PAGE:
Last week, I had an appointment with my kind graft doctor, as I am doing every 4 months. She gave me the results of the blood analysis (performed in the hospital the day before): everything is “perfect”. As she pointed out, just by looking at this analysis, nobody could tell that I had a hematopoietic stem cells graft just 3 years ago….
The only point which, according to my talented graft doctor, has no answer, is that from time to time I felt exhausted! It appears to be something a lot of grafted patients are describing, although there are no “clinical symptoms”. I think that I will have to live with this forever…
Anyway, I have been very very lucky to be a patient in the hematology department at Saint Antoine hospital in Paris: they saved my life, with “the help” of my anonymous stem cells donor of course! I love them all!
As a “retired chemist”, I had to find some substitute to the experiments I was doing. So, I became interested in making cakes and pastries; Recently I started to make “chouquettes” with little success at first, but with the help of my daughter, my sister in law, the web… I ended up with a recipe which is working 100% of the time….
To prepare around 12/14 chouquettes:
125 g of milk; 40 g of butter; 62.5 g of flour; 2 eggs; a little bit of sugar; suger in small pieces (sucre à chouquettes).
In a sauce pan, weigh 125 g of milk. Add 40 g of butter and a table spoon of powdered sugar. Heat the mixture on “low heat” until it starts “to bubble” or “simmer” (before it boils). Remove the sauce pan from the heat. Add at once the flour (weighed in advance in a bowl). Mix the past until all the flour has been incorporated in the milk using a wooden spoon. Place back the sauce pan on “low heat” and stir the mixture with the wooden spoon until the mixture stops “sticking ” on the bottom of the sauce pan (making like a kind of ball). Put the ball inside a bowl and let the past cool down a little bit.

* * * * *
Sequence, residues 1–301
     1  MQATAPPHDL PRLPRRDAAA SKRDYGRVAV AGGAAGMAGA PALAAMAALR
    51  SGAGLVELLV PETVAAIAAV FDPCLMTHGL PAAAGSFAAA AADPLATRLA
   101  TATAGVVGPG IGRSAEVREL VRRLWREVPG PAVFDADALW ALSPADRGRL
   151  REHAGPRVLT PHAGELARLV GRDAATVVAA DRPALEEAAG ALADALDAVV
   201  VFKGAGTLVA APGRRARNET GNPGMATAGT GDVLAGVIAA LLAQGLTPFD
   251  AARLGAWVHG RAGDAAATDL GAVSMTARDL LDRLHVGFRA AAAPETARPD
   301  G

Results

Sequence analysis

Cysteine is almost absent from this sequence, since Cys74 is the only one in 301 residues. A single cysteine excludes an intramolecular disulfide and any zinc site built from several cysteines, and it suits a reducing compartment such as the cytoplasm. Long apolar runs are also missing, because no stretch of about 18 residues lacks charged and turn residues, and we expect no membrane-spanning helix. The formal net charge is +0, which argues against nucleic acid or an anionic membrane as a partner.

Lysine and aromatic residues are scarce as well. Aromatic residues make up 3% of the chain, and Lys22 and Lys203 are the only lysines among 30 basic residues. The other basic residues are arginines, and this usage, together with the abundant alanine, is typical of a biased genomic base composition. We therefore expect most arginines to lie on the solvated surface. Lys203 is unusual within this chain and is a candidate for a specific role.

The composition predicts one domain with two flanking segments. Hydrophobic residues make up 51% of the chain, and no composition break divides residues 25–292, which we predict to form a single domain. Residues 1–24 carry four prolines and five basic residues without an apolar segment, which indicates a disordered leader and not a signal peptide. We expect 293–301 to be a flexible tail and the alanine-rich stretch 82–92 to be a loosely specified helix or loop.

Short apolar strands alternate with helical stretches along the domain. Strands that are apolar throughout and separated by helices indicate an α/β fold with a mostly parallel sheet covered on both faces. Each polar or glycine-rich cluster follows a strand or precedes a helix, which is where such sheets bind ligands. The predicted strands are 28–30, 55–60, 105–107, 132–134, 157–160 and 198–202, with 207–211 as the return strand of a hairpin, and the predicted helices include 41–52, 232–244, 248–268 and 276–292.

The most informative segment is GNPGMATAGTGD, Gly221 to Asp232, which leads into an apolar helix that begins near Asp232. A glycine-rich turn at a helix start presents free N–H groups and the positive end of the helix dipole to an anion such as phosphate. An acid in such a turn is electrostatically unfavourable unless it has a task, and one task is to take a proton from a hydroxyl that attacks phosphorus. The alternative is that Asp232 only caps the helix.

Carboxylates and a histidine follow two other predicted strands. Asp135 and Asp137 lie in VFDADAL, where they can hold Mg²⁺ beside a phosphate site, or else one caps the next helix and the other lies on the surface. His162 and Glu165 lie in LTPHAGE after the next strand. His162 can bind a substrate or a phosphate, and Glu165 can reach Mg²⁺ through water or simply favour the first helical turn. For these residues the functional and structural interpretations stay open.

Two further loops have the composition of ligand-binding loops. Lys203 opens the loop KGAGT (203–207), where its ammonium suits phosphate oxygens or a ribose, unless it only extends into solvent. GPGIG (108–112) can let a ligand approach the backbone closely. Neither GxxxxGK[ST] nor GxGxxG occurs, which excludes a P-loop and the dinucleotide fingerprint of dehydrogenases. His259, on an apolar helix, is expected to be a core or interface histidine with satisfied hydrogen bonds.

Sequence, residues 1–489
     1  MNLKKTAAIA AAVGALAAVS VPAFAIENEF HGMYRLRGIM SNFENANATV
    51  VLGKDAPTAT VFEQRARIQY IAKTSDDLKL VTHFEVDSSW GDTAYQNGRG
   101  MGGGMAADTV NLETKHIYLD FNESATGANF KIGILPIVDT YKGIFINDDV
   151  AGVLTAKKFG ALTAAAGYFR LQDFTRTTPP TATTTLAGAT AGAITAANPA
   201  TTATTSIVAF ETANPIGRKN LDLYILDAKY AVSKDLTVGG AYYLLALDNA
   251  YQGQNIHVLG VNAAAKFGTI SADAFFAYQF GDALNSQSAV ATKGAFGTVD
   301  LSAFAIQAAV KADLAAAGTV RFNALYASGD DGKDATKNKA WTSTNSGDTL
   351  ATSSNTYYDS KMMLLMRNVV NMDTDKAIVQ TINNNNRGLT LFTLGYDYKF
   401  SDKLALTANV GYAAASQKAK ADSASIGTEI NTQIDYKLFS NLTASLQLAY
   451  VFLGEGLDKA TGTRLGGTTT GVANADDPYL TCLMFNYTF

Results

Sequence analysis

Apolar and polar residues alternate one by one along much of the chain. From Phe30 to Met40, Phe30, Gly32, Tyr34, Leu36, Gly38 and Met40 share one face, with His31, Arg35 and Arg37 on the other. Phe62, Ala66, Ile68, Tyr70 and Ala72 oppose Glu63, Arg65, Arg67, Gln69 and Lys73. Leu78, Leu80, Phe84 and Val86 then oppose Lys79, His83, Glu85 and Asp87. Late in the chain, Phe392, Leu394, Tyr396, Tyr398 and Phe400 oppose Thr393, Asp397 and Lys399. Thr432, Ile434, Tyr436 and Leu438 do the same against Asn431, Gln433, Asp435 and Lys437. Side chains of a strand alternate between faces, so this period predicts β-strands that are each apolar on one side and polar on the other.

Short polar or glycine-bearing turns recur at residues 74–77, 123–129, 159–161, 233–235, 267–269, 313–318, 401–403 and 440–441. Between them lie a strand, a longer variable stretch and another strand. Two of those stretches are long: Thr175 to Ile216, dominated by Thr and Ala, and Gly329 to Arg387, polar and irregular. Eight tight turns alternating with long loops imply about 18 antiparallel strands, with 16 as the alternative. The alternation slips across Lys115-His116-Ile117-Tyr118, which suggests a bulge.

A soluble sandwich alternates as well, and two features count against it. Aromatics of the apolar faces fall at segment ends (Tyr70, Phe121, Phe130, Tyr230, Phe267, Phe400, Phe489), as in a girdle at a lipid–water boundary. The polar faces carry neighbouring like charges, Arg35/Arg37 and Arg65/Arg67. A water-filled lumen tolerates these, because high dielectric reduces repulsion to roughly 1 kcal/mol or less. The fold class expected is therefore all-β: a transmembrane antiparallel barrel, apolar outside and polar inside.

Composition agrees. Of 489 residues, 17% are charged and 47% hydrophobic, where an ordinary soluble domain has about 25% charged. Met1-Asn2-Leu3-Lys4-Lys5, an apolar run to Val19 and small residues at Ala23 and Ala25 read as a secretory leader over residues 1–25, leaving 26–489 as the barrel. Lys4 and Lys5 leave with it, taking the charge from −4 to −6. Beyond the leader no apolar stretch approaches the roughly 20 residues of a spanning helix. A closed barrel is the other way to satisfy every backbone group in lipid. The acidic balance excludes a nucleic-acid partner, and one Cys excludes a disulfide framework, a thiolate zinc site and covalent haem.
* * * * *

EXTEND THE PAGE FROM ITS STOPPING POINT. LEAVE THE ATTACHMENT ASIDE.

Break the eggs in a bowl and weigh it. Beat them into an homelette. Add at first, around 40 g of the eggs to the past and mix carefully. Add another 40 g of the eggs and mix until it makes an compact mass (it should be solid enough. If it is too soft, the small “balls” made in the next step will “flow”….big failure!).
On a baking sheet covered with baking paper, deposit “small balls” of past, around 3cm in diameter, using a teaspoon and a silicone spatula. Put a few pieces of “sugar à chouquettes” on top of each “balls”.
Put the baking sheet in an oven preheated at around 200°C, and bake for around 30mn (the time is very much dependent on the oven used. It is possible to follow the operation through the oven window. The chouquettes at first “swell”, then take a light brown color: it is time to remove them!).
let the chouquettes cool down, but my advice is to remove them from the baking sheet, as they will continue to cook because of the heat stored in the metal.